Hydrogen is being considered as the ‘energy carrier of the future.’ Hydrogen is an emission free form of energy. Hence, it doesn’t cause pollution and is more sustainable. It can be used to power hydrogen-powered vehicles and generate electricity. However, extracting hydrogen, for example, from heavy oils, has not proven to be economical.
But with advancements in technology and the role of AI in renewable energy— which allows us to make adjustments to ensure maximized efficiency, conversion and even distribution— new, more practical methods are cropping up.
Hydrogen is abundantly found as part of a compound with other elements, thus it needs to be effectively recovered to form pure Hydrogen (H2). Its potential is being studied by energy management consulting firms, related organizations and researchers in order to form a solution for powering the world in a 100% clean and renewable manner.
Learn more about how hydrogen is recovered from sources like heavy oil and the future of hydrogen as an energy source by continuing below.
Recovering Hydrogen from Heavy Oil
One such method of hydrogen recovery that is being studied is the extraction of the element from fossil fuels, such as heavy oils. They contain high levels of hydrogen, making them suitable for extraction. Used on their own, heavy oils damage the environment and health of humans due to its harmful emissions of sulphur and nitrous oxide.
The primary damaging emission is sulfur, which is the reason why the International Maritime Organization (IMO) has put restrictions on these oils as fuels and their sulphur content. As a result of the restrictions, hydrogen consulting solution companies have begun reviewing current hydrogen production processes with the aim of reducing the sulphur content, as well as alternatives to heavy oil
Methods of Hydrogen Recovery
The three main methods of hydrogen recovery from heavy oil include:
Companies remove sulphur from the heavy oils through a process called ‘hydrodesulphurization.’ In this method, the hydrogen reacts with the sulphur to form hydrogen sulphide, which is captured and further processed in a subsequent step. The resulting extracted chemical is the fuel that is then used for ships and vehicles.
However, the viability and usefulness of desulphurization methods largely depend on the properties of the heavy oil, including its sulphur content, viscosity, boiling point, etc.
Other desulphurization methods, such as oxidative desulphurization, are being studied to perfect the process for the future. The combination of the two methods can serve to be effective in completely removing the sulphur content.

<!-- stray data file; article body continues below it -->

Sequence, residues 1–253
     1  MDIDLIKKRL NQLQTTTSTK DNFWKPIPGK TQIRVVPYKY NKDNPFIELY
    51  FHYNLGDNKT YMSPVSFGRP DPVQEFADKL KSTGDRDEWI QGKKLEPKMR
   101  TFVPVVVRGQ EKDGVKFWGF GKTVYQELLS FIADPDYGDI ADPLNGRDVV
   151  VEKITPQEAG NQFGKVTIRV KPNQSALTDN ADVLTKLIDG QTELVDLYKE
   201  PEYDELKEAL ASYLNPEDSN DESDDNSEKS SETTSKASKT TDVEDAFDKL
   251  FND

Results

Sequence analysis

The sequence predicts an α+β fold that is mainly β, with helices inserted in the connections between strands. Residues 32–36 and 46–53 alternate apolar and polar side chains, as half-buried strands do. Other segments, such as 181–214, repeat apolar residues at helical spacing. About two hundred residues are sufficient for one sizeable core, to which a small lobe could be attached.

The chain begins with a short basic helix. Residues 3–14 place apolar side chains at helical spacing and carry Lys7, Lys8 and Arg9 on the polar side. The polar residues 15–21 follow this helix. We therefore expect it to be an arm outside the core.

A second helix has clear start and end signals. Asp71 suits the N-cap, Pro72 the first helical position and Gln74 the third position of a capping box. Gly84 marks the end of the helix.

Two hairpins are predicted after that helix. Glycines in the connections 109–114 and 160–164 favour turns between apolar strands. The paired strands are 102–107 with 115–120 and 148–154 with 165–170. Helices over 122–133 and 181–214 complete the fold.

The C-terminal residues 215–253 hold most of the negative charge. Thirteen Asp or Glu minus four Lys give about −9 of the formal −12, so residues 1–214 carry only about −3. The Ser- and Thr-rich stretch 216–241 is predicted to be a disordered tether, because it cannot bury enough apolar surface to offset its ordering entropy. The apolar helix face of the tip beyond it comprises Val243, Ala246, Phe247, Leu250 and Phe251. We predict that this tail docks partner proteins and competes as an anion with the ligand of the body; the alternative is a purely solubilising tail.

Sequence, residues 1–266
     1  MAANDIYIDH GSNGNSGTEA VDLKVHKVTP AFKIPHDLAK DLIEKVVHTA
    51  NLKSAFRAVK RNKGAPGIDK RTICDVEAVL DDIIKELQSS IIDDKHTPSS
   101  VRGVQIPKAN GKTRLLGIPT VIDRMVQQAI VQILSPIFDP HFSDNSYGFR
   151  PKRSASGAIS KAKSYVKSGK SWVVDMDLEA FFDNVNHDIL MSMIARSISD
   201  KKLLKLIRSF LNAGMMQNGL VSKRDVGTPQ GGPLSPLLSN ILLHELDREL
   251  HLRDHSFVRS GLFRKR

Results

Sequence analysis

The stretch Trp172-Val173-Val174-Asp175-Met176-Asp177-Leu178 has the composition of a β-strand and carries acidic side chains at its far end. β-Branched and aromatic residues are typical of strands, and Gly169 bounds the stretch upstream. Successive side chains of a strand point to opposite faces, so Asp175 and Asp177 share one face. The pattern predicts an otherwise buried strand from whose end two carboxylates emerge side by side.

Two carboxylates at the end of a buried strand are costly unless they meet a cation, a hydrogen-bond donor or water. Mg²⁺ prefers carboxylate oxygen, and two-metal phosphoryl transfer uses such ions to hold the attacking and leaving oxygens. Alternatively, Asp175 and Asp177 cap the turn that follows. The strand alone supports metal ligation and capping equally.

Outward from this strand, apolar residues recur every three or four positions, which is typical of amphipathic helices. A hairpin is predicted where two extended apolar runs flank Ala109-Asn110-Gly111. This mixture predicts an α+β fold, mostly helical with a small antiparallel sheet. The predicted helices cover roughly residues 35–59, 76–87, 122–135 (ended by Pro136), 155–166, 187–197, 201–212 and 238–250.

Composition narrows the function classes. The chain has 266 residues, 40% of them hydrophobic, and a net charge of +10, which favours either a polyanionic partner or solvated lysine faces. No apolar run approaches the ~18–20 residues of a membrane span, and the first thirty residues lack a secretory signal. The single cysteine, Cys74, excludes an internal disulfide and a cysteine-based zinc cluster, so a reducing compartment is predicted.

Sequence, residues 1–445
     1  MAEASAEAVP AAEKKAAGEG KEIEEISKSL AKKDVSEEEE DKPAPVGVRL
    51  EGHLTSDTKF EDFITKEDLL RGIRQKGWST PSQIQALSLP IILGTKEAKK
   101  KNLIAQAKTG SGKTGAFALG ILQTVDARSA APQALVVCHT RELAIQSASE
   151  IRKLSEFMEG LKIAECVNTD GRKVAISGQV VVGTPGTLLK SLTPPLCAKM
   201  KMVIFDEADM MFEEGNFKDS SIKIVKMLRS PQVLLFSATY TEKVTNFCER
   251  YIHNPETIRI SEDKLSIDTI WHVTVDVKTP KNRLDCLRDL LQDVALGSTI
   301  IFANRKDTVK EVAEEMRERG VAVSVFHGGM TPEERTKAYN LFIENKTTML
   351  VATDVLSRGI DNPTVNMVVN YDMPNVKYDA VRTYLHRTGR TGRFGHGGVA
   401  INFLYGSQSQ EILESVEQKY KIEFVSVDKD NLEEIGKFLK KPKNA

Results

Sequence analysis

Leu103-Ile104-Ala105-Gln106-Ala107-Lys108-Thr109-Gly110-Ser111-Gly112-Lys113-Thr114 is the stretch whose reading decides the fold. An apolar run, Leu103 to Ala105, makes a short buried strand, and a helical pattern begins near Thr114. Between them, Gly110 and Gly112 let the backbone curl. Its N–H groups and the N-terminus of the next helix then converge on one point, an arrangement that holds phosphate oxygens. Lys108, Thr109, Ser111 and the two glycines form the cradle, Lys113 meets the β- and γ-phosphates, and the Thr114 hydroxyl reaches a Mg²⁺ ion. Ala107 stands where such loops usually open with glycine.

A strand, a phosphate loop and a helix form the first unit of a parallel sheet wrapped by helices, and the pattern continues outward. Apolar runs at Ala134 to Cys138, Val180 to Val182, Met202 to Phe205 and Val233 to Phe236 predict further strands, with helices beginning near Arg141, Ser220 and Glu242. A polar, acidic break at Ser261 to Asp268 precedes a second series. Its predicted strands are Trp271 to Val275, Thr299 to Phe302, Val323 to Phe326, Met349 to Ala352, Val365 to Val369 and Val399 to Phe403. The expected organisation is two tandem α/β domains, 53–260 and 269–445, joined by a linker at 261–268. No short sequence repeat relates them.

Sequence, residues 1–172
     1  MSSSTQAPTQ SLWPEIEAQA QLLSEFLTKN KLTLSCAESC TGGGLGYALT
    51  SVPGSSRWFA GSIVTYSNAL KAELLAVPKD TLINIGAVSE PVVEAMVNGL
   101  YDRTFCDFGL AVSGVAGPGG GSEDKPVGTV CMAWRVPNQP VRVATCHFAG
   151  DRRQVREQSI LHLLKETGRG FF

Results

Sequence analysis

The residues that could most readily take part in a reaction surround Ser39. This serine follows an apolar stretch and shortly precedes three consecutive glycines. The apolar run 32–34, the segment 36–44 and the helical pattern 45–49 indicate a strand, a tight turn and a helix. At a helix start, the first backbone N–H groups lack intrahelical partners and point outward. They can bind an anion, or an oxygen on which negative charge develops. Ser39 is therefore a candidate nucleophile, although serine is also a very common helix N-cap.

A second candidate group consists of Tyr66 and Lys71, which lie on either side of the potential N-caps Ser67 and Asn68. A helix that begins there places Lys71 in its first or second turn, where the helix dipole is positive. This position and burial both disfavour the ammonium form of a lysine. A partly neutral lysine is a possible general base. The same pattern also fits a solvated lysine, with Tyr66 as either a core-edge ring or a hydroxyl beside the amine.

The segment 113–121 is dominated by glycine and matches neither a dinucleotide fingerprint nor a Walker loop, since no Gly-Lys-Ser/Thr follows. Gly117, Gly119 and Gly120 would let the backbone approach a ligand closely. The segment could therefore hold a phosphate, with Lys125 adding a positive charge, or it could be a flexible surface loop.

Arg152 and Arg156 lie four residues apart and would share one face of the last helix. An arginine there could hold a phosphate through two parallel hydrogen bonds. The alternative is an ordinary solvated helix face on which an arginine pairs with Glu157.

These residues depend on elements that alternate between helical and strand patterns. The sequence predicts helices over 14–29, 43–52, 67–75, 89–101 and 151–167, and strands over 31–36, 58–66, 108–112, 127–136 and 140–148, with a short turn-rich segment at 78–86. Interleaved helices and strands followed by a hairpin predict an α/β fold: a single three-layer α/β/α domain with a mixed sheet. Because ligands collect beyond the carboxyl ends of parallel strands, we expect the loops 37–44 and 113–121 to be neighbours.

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2. Partial Oxidization (POX)
This method is a highly beneficial method of using hydrogen as an energy carrier because it extracts the most hydrogen. In this process, a limited amount of oxygen is added to the heavy oil by heating the feedstock. This process of oxygen and heavy oil combining is known as oxidization. The recovered hydrogen is then used as fuel.
Up until recently, this method was considered too expensive. However, researchers have discovered a technique that could enable the recovery of hydrogen from oil sands. These oil sands can serve as potentially viable oil reservoirs that could generate large amounts of hydrogen.
The process of POX is employed within the oil reservoirs, wherein oxygen is pumped underground inside them. The process of oxidization occurs when the oxygen mixes in with the heavy oil. As a result, hydrogen gas is generated, which can be collected from the wellhead.
Technological advancements are currently being made to develop this successful method. For instance, work is being done to develop a membrane system called hygenerator to filter the hydrogen gas from the underground streams to enhance the purity of the gas. This membrane is being tested in underground reservoirs to assess its efficiency.
In the coming decades, this opportunity will undoubtedly be the dominating commercial method of hydrogen recovery and pure hydrogen energy because of its cost-effectiveness.
3. Steam Reforming
While partial oxidization is the best way of recovering hydrogen from heavy oil, steam reforming is most commonly used. It is estimated that 48% of hydrogen production is done through the method of steam reforming.
This method uses natural gas as the feedstock, which is combined with steam under extremely warm temperatures. The resulting gas formed includes hydrogen, carbon monoxide (CO), and carbon dioxide (CO2).
The carbon monoxide is further transformed into carbon dioxide that yields greater production of hydrogen. The resulting hydrogen is purified using ‘pressure swing absorption’ or other related processes.
The Road Ahead
Perhaps the only downside of hydrogen recovery is that it is not economically viable due to the increased costs of extracting hydrogen from heavy oils and related fossil fuels. Governments, however, are gradually developing infrastructure to facilitate hydrogen production methods. For this reason, it is predicted that in the coming decades, hydrogen – be it through heavy oil recovery or electrolysers – will be spearheading the transition towards non-renewable sources of energy.
While the method of steam reforming is widely used today, it is estimated that in the future, pure hydrogen energy will likely be produced using the method of partial oxidization instead. As mentioned, this process has the potential to be more cost-effective and efficient than the other two methods discussed.
Due to the massive potential of hydrogen becoming the primary energy carrier of the coming decades, it would be wise to begin investing in this renewable energy source as soon as possible. If this opportunity interests you, do not hesitate to reach out to Pangea Strategic Intelligence today to gain deeper expert insights into this subject matter.